A while back I’d written about the Unified Compliance Framework from Network Frontiers, which takes quite literally every regulation and framework within the IT domain and maps them in such a way where you can identify how a single control addresses multiple requirements. In this day and age, the era of regulatory overload, with even more regulations heading our way I consider the product an essential tool in managing the required work. However there’s in important caveat to throw out there; the benefits of the UCF product can only be fully realized if it serves as the underpinnings of an IT governance program.
Ah yes, IT governance, a favorite topic of mine and one that’s a sure-fire way to get me to whip out my soapbox and fire-up the accompanying rhetoric. I’m a practitioner first and a theorist second and the combined perspective provided by both has forced me to become a huge advocate of governance as not only the best way to achieve regulatory compliance but perhaps the only way. I’ve reached the end of my rope when it comes to the currently popular way to pursue compliance, which is to build silos and assign each its own regulation or industry framework. How does it makes sense to have, for example, two or more groups of people testing user account provisioning when a single test can be used to satisfy both? It doesn’t and by doing so it wastes time, resources and money.
And so now I’m getting to do something about it.
My current “big” project has multiple parts. The client is managing the consolidation of two business entities including their regulatory compliance initiatives. It’s resulted in their needing to build out a plan to merge four sets of existing regulatory compliance frameworks as well as taking over responsibility for another that’s brand new to their mix. Beyond the doubling up of the required work, it’s also resulted in a new compliance team that’s sizable and using headcount within an IT organization doing work that’s not really IT-specific. That’s the bad news.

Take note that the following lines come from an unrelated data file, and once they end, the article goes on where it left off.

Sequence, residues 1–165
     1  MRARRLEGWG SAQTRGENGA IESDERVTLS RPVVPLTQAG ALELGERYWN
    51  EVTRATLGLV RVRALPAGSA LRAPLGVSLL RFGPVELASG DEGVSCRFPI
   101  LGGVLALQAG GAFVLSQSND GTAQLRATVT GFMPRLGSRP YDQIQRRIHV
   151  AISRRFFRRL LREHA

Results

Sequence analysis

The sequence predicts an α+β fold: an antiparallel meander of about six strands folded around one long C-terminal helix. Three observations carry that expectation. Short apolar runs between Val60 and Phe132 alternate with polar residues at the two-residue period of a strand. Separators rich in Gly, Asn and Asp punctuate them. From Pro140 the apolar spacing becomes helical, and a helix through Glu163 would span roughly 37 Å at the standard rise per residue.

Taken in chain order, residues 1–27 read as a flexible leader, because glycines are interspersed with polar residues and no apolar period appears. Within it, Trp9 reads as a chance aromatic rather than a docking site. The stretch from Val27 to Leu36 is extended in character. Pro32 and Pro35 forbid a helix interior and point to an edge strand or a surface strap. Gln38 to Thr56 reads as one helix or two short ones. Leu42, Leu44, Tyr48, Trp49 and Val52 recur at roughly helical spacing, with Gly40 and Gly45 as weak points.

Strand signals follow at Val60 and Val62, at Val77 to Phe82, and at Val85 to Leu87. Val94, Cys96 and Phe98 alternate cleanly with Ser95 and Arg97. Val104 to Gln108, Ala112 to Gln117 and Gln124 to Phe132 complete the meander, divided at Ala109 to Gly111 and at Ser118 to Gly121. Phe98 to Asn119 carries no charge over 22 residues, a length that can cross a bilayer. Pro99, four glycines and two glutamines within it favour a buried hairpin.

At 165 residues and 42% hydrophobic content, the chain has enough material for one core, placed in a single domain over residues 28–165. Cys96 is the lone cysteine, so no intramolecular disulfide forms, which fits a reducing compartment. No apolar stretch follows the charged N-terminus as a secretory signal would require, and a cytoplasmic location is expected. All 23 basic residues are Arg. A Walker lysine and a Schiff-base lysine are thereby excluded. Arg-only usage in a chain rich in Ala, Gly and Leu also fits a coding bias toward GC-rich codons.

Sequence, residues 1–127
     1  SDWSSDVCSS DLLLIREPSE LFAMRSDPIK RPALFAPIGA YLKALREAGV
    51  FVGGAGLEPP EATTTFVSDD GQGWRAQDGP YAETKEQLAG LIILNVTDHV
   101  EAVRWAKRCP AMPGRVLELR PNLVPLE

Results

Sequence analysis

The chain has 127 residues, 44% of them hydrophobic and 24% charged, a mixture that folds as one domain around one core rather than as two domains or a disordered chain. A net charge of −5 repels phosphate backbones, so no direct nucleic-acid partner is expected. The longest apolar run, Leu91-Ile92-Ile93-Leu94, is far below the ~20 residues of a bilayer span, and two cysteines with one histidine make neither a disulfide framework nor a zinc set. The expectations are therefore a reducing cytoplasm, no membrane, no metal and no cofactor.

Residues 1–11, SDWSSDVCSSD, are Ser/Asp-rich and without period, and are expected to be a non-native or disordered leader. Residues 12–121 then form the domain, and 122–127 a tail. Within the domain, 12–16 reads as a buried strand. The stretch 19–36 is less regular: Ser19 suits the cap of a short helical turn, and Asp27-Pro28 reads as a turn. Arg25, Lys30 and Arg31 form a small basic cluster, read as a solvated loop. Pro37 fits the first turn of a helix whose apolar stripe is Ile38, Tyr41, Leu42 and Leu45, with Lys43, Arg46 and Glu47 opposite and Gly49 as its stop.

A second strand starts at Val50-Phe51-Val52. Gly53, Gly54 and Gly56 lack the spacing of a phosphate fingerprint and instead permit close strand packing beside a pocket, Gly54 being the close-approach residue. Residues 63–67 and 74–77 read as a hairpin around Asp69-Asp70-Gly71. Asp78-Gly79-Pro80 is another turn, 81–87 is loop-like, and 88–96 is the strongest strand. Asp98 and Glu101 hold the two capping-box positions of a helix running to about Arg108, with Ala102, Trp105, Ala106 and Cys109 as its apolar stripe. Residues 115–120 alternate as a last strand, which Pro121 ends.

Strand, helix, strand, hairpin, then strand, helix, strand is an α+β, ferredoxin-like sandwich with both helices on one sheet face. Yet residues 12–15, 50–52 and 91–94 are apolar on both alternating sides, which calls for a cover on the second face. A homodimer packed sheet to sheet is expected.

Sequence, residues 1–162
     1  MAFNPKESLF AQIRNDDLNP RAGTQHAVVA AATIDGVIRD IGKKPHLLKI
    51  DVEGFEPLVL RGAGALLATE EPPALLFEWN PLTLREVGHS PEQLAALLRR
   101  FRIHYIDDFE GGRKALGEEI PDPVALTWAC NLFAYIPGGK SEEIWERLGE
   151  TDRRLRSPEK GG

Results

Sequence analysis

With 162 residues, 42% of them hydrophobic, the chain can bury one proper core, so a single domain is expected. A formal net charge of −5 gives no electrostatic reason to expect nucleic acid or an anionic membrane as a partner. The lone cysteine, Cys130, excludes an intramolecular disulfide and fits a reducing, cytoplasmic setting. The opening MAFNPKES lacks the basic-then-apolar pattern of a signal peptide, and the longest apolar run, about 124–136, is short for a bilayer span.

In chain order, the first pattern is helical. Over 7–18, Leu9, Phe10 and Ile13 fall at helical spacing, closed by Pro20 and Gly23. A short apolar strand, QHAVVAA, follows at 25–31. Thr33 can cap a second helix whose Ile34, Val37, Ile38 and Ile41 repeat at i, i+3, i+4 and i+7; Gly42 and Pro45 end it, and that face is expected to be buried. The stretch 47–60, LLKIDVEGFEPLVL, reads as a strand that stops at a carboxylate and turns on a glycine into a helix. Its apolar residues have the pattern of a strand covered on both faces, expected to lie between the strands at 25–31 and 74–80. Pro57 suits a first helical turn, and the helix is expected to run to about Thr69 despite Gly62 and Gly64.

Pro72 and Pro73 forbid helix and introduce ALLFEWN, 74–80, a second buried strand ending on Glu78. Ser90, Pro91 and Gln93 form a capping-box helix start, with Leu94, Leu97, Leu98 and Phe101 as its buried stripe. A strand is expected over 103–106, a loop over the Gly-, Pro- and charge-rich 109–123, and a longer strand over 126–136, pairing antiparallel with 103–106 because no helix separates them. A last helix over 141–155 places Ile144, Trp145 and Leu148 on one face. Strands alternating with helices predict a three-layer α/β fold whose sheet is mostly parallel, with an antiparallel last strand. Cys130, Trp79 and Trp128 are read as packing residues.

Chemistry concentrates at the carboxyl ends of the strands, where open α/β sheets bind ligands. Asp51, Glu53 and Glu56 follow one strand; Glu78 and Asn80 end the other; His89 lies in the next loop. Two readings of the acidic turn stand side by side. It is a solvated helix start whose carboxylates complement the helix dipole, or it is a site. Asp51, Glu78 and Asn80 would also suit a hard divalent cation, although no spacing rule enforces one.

The good news is that the client had empowered the team responsible for managing compliance to switch to a governance approach a few years back. Rather than serve as an after-the-fact function that tests to make sure controls are working effectively, this group has served as both an adviser to IT, helping strengthen controls and has streamlined the testing process so that stakeholders pass along evidence of their daily activities, thus reducing the need for the typical testing cycle fire drill that most of know. It’s served two purposes for the IT organization: It eased their burden in the compliance process and made them more trusting of the audit and assessment function.
But in the short term, the consolidation has dramatically increased their workload and at a time when management is looking for ways to reduce expenses and get more for less. How do they proceed? How do they consolidate the related frameworks, assume oversight for the new ones and continue delivering the value and efficiencies that they’ve come to be known for? There’s only one way: by taking IT governance to the next stage of its evolution.
They already understand and practice the basic elements of IT governance and so the foundation has been laid. Now it’s time to take it up a notch to the next level. Thus the tie-back to the UCF approach. If you have multiple frameworks to comply with, the commonalities to be found between them are significant. I know this based on my own research and analysis and can now prove it courtesy of UCF. The manager of the IT governance function is also a believer of this approach and the plan is to build out a true IT governance program so that all in-scope frameworks are to be managed via a consolidated approach. All current and effective frameworks will be supported through the end of 2009 but along the way each control and related activity is being reviewed to identify opportunities for consolidation. Once done, all IT-based activity will be viewed through the lenses of the new governance framework so that compliance is maintained and changes to the infrastructure are evaluated for any potential regulatory impact. And the best part is that all of this will likely be done with less effort, thus freeing up resources to focus on more IT-centric tasks.
Imagine that, a world where compliance is achieved through a coordinated proactive governance approach and IT resources are free to focus on technology-based activities. It’s like solving two problems for the price of one with the added benefit of actually spending less money overall. What CIO/CTO wouldn’t like that?